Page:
By counting back through these layers and measuring the amount of lead in each, he could work out global lead concentrations at any time for hundreds, or even thousands, of years. The notion became the foundation of ice core studies, on which much modern climatological work is based.
What Patterson found was that before 1923 there was almost no lead in the atmosphere, and that since that time its level had climbed steadily and dangerously. He now made it his life's quest to get lead taken out of gasoline. To that end, he became a constant and often vocal critic of the lead industry and its interests.
It would prove to be a hellish campaign. Ethyl was a powerful global corporation with many friends in high places. (Among its directors have been Supreme Court Justice Lewis Powell and Gilbert Grosvenor of the National Geographic Society.) Patterson suddenly found research funding withdrawn or difficult to acquire. The American Petroleum Institute canceled a research contract with him, as did the United States Public Health Service, a supposedly neutral government institution.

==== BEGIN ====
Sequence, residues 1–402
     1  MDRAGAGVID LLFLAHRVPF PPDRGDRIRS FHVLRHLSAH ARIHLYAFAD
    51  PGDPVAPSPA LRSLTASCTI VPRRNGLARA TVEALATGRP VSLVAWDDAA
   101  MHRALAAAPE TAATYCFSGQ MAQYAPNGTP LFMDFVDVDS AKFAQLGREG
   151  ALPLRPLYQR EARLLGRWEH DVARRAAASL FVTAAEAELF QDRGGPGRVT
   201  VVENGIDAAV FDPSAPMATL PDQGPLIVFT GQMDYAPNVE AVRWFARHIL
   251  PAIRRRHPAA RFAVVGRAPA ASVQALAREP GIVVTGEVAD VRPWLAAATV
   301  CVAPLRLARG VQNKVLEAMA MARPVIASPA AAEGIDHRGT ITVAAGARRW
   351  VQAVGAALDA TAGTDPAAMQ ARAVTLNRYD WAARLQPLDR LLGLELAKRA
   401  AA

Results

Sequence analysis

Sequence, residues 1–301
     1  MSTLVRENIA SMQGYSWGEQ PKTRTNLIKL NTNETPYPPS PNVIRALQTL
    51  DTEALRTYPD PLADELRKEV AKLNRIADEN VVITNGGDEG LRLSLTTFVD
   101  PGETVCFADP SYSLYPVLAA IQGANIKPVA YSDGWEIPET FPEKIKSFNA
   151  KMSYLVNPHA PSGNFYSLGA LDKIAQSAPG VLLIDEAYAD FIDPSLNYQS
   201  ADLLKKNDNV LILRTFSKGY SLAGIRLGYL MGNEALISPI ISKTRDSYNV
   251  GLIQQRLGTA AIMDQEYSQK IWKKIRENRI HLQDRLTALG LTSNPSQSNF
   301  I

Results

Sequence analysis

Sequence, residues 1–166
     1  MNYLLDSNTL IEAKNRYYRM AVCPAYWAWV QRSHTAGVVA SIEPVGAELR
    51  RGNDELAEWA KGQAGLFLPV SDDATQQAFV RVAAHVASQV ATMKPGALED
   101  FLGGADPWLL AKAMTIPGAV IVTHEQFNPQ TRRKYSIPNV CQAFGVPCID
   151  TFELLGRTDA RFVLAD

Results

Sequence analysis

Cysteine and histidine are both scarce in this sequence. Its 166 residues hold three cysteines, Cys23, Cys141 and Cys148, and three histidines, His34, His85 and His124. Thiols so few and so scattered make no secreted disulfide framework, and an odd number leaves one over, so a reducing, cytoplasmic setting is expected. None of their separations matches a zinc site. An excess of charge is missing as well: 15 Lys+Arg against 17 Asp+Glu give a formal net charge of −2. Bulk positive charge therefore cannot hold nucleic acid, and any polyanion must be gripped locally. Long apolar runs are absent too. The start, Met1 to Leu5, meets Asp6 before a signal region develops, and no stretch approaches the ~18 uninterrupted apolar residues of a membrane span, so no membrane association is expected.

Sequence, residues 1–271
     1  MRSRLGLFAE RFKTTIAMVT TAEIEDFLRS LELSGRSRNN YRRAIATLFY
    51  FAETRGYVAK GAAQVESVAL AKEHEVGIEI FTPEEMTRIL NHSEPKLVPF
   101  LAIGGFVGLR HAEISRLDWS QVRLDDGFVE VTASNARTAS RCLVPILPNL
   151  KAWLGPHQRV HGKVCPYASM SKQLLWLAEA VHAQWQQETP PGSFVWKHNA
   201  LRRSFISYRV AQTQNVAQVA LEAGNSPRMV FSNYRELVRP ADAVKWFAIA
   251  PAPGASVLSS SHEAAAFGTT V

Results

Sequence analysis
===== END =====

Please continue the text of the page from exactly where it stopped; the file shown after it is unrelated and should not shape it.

As Patterson increasingly became a liability to his institution, the school trustees were repeatedly pressed by lead industry officials to shut him up or let him go. According to Jamie Lincoln Kitman, writing in The Nation in 2000, Ethyl executives allegedly offered to endow a chair at Caltech "if Patterson was sent packing."